“He was one of the first interpreters that the Taliban beheaded,” Oryakhail said.

Fearing for his life, Oryakhail applied for a special immigrant visa twice, first in 2007 and again in 2010. His second try led to a seven-year wait punctuated by significant life changes — from single to engaged, then married, and eventually a father of two.

"I was always updating my status," he said.

Pathways to the US

Batalova of the Migration Policy Institute says the South and Central Asians' immigration pathways to the U.S. are just as diverse as the reasons for their migration. While Afghans rely on special immigrant visa and refugee programs, many Central Asians try their luck at the green card lottery. Indians typically use work visas as a pathway to become permanent residents and citizens. For Pakistanis and Bangladeshis, it is more common to obtain a green card sponsored by relatives.

The pathways are not always legal. In the past year, U.S. border agents have encountered tens of thousands of undocumented migrants from South and Central Asia. Experts say that reflects the limits to legal immigration channels.

“Some people have been waiting way too long in the line and have attempted to come faster,” Batalova said. “There are also other people who know that they would not qualify through the existing channels or not fast enough.”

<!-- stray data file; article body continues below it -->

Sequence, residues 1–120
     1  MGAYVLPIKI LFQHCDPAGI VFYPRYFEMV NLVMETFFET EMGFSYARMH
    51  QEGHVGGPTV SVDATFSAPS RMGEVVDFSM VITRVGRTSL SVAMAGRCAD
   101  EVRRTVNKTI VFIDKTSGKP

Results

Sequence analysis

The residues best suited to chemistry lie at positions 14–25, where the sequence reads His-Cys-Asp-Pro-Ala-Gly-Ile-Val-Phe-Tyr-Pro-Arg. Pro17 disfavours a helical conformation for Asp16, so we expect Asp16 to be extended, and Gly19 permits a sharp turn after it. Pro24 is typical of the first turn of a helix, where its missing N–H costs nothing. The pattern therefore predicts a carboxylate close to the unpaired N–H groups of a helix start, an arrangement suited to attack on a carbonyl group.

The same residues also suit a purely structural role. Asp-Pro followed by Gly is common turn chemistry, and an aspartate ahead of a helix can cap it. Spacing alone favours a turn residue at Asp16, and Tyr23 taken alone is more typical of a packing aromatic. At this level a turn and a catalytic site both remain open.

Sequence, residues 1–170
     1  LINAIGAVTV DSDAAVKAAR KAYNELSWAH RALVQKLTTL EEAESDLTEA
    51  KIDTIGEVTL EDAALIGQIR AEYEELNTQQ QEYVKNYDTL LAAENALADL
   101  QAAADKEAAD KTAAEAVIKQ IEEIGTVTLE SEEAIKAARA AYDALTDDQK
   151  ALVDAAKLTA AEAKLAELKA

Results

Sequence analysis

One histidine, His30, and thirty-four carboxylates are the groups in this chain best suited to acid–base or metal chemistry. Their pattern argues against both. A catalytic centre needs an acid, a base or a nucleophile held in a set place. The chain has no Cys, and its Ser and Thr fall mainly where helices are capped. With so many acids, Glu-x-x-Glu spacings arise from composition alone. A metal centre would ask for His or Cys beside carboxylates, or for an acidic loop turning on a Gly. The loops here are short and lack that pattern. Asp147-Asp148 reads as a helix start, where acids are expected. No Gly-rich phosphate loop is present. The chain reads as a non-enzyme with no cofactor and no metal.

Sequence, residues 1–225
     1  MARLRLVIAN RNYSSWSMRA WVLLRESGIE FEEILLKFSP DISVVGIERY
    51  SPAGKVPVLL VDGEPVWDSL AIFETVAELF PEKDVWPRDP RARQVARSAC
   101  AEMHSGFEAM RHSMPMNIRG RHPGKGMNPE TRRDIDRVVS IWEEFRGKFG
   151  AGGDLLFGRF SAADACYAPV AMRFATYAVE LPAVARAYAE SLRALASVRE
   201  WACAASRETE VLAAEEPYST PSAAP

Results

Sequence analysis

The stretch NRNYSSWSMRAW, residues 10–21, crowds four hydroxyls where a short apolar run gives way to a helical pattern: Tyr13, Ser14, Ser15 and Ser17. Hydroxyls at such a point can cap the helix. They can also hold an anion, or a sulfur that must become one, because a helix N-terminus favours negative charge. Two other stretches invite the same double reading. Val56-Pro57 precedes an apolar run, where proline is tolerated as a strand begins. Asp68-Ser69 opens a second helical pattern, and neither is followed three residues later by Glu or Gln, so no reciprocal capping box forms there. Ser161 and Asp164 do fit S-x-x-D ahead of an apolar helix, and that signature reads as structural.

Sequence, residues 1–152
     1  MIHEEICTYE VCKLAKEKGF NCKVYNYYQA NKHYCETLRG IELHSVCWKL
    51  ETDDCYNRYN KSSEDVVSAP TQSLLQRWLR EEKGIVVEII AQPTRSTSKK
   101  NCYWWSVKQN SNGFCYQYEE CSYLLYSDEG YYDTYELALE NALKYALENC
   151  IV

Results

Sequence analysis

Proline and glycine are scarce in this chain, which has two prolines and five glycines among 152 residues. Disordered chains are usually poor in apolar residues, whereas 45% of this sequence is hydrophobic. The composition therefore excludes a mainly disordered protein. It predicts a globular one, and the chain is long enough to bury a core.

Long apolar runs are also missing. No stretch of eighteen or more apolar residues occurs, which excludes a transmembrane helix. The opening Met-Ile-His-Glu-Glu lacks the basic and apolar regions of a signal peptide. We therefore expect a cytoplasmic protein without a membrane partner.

Akhror didn't have to resort to an illegal avenue. On the day she won the green card lottery, a suitor's father visited, unaware of her win.

Her family, Akhror says, kept the news to themselves, determined to dodge suitors who were “more after my green card than after me.”

She met and liked her future husband, Anwar. The marriage happened quickly, enabling the couple to move to the U.S. the following year.

Anwar jokes that marrying a green card-winning woman was like hitting the jackpot twice.

“I didn’t know then that I was coming to the U.S. with a green card,” Anwar said.

But coming to America wasn’t without its challenges for the first couple of years. They didn’t have a car and lived in a cramped apartment in Brooklyn, New York. Unable to find a professional job, Anwar worked as a day laborer to pay the bills. Today, he works as a software developer for a hedge fund.

Nilufar and Anwar Akhror with their four children on family vacation in February 2023, in Venice, Italy.